TLIF2010A Apply Fatigue Management Strategies (advised for drivers) and TLIF2010A combined with TLIF3063A Administer Implementation of Fatigue Management Strategies (advised for managers and schedulers)
Smiths Training Services Fatigue Management training can be delivered by our nationally accredited trainers at any facility or work site across the country.
About the Fatigue Laws
New Heavy Vehicle Driver Fatigue laws commenced on 29 September, 2008 making all parties in the supply chain legally responsible for preventing driver fatigue. The new laws apply to a truck with a GVM of over 12 tonnes or a combination if the total of the GVM’s is over 12 tonnes.
The laws change the focus from regulating hours to managing fatigue. Working long hours and fighting body clock circadian rhythms at night is widely recognised as high risk. Operators and drivers who comply by managing fatigue risks through accreditation schemes will have greater control over scheduling work and rest breaks. Productivity levels can be maintained and frequently enhanced by better planning trips and rest breaks, maintaining and validating accurate records, and training drivers and schedulers to understand and address the causes of driver fatigue.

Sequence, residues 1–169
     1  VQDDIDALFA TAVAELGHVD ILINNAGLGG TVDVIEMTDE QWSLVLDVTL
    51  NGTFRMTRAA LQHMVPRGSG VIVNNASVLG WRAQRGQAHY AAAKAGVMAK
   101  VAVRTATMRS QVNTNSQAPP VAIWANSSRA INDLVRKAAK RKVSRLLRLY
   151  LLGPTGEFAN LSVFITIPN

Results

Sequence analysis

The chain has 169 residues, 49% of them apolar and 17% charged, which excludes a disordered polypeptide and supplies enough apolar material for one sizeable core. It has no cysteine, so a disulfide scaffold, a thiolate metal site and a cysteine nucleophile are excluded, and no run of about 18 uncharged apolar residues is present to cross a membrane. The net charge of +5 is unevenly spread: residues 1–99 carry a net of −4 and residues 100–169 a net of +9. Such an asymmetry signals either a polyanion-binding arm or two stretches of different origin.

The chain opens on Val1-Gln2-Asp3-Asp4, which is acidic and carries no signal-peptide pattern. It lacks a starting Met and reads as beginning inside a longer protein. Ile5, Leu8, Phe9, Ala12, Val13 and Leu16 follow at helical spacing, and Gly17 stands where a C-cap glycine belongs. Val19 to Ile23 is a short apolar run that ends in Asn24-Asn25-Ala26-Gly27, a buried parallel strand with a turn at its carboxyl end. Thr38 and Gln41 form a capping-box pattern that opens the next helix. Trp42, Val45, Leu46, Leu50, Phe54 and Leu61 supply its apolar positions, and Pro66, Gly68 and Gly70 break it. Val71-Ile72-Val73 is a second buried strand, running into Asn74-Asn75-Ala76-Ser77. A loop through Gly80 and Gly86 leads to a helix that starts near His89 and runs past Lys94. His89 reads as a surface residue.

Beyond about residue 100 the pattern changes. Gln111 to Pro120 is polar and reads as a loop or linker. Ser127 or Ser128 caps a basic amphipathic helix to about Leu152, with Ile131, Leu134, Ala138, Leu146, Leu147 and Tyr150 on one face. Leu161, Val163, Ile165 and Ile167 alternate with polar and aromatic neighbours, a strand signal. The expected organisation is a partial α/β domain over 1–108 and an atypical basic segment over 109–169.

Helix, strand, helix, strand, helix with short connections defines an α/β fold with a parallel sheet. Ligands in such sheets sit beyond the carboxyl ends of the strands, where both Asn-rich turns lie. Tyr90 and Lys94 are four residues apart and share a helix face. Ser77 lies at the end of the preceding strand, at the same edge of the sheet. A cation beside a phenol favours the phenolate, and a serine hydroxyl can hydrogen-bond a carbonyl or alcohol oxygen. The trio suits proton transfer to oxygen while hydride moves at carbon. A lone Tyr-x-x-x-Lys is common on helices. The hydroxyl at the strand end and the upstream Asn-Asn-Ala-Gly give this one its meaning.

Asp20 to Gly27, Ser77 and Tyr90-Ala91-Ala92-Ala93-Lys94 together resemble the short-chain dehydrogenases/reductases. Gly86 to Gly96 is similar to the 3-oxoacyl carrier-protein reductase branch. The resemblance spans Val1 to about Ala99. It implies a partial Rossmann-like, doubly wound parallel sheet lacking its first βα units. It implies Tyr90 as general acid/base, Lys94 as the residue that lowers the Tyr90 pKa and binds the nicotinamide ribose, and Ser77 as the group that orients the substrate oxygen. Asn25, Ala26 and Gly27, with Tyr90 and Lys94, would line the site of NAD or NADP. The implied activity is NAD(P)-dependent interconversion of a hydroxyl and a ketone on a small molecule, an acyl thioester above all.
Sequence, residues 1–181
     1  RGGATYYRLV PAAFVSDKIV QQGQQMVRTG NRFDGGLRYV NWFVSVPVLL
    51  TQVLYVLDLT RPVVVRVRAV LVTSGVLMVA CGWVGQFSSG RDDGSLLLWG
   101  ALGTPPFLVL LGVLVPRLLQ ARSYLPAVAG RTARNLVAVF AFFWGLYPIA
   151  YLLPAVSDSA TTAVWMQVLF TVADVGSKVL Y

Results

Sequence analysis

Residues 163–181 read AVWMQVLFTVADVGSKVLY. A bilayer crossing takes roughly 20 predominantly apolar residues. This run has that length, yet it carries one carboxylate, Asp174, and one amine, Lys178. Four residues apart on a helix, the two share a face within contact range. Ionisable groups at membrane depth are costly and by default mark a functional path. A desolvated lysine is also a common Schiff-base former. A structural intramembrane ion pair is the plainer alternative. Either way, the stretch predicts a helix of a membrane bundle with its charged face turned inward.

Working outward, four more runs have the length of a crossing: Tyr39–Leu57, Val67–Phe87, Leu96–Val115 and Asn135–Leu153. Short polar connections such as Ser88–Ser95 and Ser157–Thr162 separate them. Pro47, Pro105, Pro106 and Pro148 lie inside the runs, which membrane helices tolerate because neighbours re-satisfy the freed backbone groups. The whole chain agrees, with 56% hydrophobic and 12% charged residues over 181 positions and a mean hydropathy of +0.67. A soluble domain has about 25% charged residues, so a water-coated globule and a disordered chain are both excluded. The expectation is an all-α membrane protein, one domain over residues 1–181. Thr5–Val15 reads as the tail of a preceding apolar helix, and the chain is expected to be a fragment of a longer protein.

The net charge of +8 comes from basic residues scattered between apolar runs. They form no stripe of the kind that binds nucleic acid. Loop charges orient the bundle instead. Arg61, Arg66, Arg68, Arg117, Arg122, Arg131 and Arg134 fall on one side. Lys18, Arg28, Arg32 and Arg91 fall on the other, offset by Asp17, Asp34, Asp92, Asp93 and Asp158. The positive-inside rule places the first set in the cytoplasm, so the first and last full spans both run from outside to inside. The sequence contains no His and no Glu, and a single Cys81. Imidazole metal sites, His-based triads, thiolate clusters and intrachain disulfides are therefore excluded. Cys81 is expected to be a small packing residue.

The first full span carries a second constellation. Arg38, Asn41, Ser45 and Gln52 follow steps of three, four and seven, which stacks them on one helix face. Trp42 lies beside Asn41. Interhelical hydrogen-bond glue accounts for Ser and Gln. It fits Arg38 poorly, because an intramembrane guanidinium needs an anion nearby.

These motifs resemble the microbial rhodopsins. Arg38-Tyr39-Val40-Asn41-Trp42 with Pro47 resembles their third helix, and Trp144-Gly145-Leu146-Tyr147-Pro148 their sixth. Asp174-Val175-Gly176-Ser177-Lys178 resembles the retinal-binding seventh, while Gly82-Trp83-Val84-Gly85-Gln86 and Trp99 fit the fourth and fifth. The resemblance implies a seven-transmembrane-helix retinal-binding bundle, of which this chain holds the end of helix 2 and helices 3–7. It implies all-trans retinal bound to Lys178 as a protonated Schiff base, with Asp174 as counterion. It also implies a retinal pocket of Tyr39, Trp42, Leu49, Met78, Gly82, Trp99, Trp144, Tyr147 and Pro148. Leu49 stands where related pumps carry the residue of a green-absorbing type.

What are the options?
There are three options for maximum work time and the minimum rest time to choose from (refer table below). The Standard Hours option will suit most businesses as it sets default limits for work and rest. If drivers need more flexible hours, consider applying for Basic Fatigue Management (BFM) or Advanced Fatigue Management (AFM).
Work and Rest Options
|Standard Hours||Basic work and rest limits|
|Basic Fatigue Management (NHVAS accredited)||More flexible work and rest hours linked to accreditation|
|Advanced Fatigue Management (NHVAS accredited)||Create a customised safety management system and work hours linked to accreditation|
Chain of Responsibility (CoR)
Under this new legislation, operators and schedulers who contribute to fatigue by setting unrealistic schedules and requiring fatigued drivers to exceed basic work and rest limits can now be prosecuted and face tougher penalties. Similar laws have successfully reduced overloading offences. The reform imposes a general duty to manage fatigue that requires all parties in the supply chain take all reasonable steps.
To qualify for BFM and AFM, an operator must produce a Statement of Attainment issued by a Registered Training Organisation (RTO).
To access BFM, operators will need to be accredited in the National Heavy Vehicle Accreditation Scheme (NHVAS), and comply with six BFM standards covering scheduling and rostering, fitness for duty, fatigue knowledge and awareness, responsibilities, internal review, and records and documentation.
All training resulting in a Statement of Attainment, including ‘Apply Fatigue Management Strategies’ and ‘Administer Implementation of Fatigue Management Strategies’, is recognised nationally and issue through one of our partner RTO’s.